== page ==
For the past few years, there has been a lot of talk in the news about El Niño. Now, it's time for the opposite pattern to appear: La Niña. The change it causes to Sea Surface Temperatures (SST) will influence our winter weather.Topics: Cross Enterprise | Frontier |
The QBO, or Quasi-Biennial Oscillation, is an oscillation in the wind direction in the stratosphere within about 15 degrees of the equator. Over a roughly two-year period, winds tend to oscillate between westward and eastward, with the switch between west and east winds starting high in the stratosphere and then shifting lower in altitude with time. The QBO is the result of waves propagating vertically in the atmosphere that then interact with the mean flow to slowly change wind speeds and direction. These changes influence the overall global circulation patterns, which in turn influence winter weather patterns across North America. The following plot shows the regular cycle in the QBO. Interestingly, the QBO has been positive for the last two winters, a highly unusual event. Since last winter, the QBO has turned sharply negative though, and that negative trend should continue into the upcoming winter.
With the pattern turning cold enough at the end of October to produce widespread frosts and freezes, it is an excellent time to look at when the average first freeze occurs across the country. Once frost begins to show up, the first snowfall will soon follow.
As of early October, the 2017 Atlantic hurricane season has produced 14 named storms, 8 of which have reached hurricane strength, and 5 of those major hurricane status (Category 3 or higher). Regarding storm numbers, this year is still below the average (since 1995) of 16 named storms for both neutral ENSO years and La Niña years (a La Niña is developing this year), but already at the average for hurricanes and one storm ahead of the average for major hurricanes.Topics: Tropical | Frontier | Hurricane |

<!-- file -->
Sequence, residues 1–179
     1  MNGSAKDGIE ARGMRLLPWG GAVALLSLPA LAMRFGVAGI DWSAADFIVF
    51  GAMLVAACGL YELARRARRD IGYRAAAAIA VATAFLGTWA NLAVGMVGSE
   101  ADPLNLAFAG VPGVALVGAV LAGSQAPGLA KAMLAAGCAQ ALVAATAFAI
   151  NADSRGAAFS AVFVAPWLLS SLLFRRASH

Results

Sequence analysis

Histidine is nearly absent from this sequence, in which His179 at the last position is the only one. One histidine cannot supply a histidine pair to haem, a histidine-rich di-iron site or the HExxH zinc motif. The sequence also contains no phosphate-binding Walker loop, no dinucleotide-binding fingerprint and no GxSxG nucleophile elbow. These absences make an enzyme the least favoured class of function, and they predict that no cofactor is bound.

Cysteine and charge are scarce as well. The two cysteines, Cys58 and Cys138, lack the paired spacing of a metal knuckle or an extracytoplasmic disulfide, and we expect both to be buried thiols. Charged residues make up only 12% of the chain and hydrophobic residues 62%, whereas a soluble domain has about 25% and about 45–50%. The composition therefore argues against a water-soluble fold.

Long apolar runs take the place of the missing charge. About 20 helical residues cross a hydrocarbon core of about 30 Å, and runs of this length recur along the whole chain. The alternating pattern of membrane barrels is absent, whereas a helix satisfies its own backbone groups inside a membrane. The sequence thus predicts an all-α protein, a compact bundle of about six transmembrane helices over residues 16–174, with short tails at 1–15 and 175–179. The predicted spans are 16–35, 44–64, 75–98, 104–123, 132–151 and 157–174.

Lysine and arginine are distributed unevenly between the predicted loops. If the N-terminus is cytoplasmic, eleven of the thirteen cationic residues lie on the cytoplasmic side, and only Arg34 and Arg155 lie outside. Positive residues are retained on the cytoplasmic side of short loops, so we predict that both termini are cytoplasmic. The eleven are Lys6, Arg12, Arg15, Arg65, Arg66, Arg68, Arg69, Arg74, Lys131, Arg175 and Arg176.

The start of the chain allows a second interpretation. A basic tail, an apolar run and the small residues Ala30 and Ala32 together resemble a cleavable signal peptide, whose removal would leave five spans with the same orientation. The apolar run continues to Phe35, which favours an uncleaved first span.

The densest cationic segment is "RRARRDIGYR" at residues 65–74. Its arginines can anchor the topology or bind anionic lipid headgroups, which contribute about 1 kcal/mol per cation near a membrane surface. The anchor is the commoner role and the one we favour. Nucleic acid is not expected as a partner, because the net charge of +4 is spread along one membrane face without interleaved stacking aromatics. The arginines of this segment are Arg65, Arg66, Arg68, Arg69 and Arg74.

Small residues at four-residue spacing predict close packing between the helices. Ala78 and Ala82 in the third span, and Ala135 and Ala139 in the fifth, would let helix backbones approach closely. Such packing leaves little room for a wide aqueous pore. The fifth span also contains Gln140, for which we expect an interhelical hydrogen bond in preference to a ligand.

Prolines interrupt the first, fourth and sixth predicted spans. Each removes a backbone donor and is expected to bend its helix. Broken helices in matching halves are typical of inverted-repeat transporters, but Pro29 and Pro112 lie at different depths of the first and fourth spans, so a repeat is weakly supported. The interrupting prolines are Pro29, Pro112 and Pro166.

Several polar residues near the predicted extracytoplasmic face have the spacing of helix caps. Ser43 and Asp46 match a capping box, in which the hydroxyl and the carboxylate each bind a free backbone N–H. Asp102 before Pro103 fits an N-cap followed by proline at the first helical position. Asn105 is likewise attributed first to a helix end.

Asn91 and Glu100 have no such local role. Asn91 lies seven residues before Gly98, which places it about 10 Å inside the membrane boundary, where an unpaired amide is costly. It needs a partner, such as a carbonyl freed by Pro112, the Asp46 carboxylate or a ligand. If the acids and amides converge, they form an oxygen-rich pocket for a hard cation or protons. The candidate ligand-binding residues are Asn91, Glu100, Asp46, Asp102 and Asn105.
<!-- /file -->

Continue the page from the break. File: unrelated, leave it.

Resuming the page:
Summer 2017 was hotter than normal for the U.S., ranking 15th hottest on record out of the last 123 years. However, unlike summer 2016, the heat this year was focused on the western half of the country, with the eastern US much more seasonal overall. The plots below show the monthly temperature anomalies for each month of the summer, along with the summer composite.Topics: Frontier |
September 1 marked the halfway point in the Atlantic hurricane season – at least according to the calendar. That means we still have three more months to go. Typically, activity is low in June and July and by the time August arrives we’ve had just a few named storms and maybe one hurricane. It is often during the last half of August that activity quickly ramps up toward the peak in mid-September, and then the Atlantic usually stays busy into October before settling down for the concluding month of November.Topics: Frontier | Hurricane |
While some extreme heat has been seen this summer across portions of the country, most recently across the Pacific Northwest, the entire June-August summer period is running much cooler than last year for the country on a population weighted basis.Topics: Frontier |
The developing pattern across North America features a strong upper level ridge along the West Coast and a central and eastern US trough. The West Coast ridge is sending temperatures to near all-time record highs across the Pacific Northwest while directing cooler air southward out of Canada into the Plains and Midwest where temperatures are falling to much below normal levels. We thought it would be worthwhile to look at past August patterns and find those that were similar to this year.Topics: Frontier |